My entire house is hard floor though except for the bedrooms so that makes things easier. I have been looking at cord protectors as well.


Fwiw? I trained my pup on a puppy toilet (fake grass over a puppy pad with plastic catcher underneath) which was 2 weeks of hell but we finally got there. The problem is that the fake grass mat, the puppy pee pad, and the plastic casing were all wonderous things for him to explore and chew on in his early months. So word to the wise? Careful what you put down for them to pee on if you're leaving it in there.
I have heard horrible things with puppy pads and honestly between being off of work to take the puppy out enough, the right sized crate, and the right schedule, I don't think we will need things like that. But, thanks for the heads up on it.


But there's a reason they use labs so widely as working dogs. It pays off in the long run.
Indeed just wish the English line would be more available then they are in American in America. They just are bigger and more robust and work better for mobility assistance.


Hope your workplace can make accommodations for her the moment she's ready to go to work with you:)
Me too!
 

Sideways

Moderator
I have two openings to the kitchen but have 3 baby gates.
Baby gates are perfect. I reckon you may be able to save yourself the cost of the xpen if you already have that. Invest that money in a wider range of toys to leave her with each day so you can rotate through them each day. Some of the stuff they're selling these days (smacks head!)
 

siniang

MyPTSD Pro
have heard horrible things with puppy pads and honestly between being off of work to take the puppy out enough, the right sized crate, and the right schedule, I don't think we will need things like that. But, thanks for the heads up on it.

Yeah, not a big fan of puppy pads either, particularly with a lab pup. In my home country no one uses puppy pads and you have enough experience and a plan layed out, so I'm confident you can make it work. Maybe if you have go back to work before pupper can hold its bladder for a solid 8-9h, consider someone stopping by during the day to let him/her out. That's what we did back when.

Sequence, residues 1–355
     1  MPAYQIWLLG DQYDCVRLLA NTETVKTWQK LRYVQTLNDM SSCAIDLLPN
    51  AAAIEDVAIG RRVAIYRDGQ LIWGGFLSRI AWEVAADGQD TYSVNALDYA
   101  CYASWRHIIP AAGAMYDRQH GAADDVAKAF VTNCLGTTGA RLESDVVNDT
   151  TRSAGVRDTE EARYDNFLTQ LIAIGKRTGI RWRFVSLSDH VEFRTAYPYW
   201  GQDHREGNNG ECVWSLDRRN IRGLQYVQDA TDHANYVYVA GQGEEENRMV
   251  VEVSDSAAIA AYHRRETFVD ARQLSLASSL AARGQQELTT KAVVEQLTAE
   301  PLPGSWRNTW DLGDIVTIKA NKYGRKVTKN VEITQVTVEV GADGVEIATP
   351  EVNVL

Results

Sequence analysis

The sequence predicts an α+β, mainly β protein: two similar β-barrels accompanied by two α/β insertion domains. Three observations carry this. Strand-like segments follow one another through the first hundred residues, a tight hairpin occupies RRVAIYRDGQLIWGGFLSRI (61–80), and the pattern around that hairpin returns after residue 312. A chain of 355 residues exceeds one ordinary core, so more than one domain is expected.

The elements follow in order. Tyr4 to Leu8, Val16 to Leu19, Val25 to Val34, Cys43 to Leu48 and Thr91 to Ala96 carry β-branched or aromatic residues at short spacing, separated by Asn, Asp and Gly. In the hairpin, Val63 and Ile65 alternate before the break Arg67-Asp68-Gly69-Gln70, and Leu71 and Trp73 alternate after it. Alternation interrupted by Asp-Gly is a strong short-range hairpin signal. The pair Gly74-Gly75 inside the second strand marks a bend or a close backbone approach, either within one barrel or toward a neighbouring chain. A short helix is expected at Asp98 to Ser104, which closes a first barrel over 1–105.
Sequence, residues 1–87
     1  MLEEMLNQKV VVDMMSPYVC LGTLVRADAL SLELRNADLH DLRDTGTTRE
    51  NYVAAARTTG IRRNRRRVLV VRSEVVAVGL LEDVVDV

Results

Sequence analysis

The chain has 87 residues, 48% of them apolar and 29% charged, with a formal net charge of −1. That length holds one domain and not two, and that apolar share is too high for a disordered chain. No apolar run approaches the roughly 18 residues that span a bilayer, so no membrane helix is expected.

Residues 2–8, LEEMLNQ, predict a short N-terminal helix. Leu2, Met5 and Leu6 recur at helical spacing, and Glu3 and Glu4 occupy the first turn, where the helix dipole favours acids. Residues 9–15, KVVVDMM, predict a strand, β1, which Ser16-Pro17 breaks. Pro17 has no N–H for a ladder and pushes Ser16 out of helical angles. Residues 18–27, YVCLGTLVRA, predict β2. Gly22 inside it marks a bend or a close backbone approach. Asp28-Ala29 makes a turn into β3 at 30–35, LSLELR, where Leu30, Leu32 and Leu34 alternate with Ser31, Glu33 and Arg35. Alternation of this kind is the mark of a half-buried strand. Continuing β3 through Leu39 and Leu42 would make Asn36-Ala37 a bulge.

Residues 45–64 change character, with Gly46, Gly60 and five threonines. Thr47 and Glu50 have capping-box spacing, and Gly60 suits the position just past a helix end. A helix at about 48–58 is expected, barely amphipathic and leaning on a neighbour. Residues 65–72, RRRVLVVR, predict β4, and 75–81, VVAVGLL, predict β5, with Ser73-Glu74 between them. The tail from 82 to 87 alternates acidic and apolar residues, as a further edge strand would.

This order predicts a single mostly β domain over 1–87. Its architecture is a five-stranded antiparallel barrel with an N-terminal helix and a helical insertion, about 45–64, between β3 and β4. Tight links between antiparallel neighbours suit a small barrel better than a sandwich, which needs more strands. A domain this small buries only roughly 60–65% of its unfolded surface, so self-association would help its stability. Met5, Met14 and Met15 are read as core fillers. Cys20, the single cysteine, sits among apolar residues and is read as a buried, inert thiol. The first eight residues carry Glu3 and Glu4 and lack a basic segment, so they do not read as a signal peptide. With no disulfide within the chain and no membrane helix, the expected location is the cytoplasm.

Another thing to not leave pup alone with is any sort of bedding. A friend's 6 months old golden recently destroyed her puppy bed and ate the stuffing ... took two days of them on high alert hoping to avert surgery.

And yep, zero access to cables. And remotes (that too we learned the hard way).

Also, if you need to be gone for extended periods of time before you'll be able to take him/her to work, I recommend an indoor camera you can check in real time for the area pup will be staying in (though I'm personally in favor of crating when you're actually physically gone, until you can absolutely 100% trust pup - which won't be for months; but even with a crate I'd have visual check-ins during the day).
 

lostforgottensoul

MyPTSD Pro
Also, if you need to be gone for extended periods of time before you'll be able to take him/her to work, I recommend an indoor camera you can check in real time for the area pup will be staying in (though I'm personally in favor of crating when you're actually physically gone, until you can absolutely 100% trust pup - which won't be for months; but even with a crate I'd have visual check-ins during the day
Oh yes! I was going to buy one for Chopper but never needed it but got a few in my wish list on Amazon to look at. Will certainly have that and set up before the pup comes home.
 

Friday

Moderator
And they replied today that they are asking $1,200. For a 1 yr old dog. It's what that breeder charges for a yellow puppy. Trying to get all of your money back much? Screams scam anyway!
That’s fairly normal / low end for labs. Because of the hip dysplasia gene. You might find one for 5-600 with a guaranteed take-back if they start showing signs of hip dysplasia (meanin there’s enough genetics in the history to make it possible... which is 90%+ of labs, but the last few generations it’s been a rare occurrence).

1yo-3yo trained dogs run in the 10k to 25k range, depending on what they’ve been trained for. Hunting or Service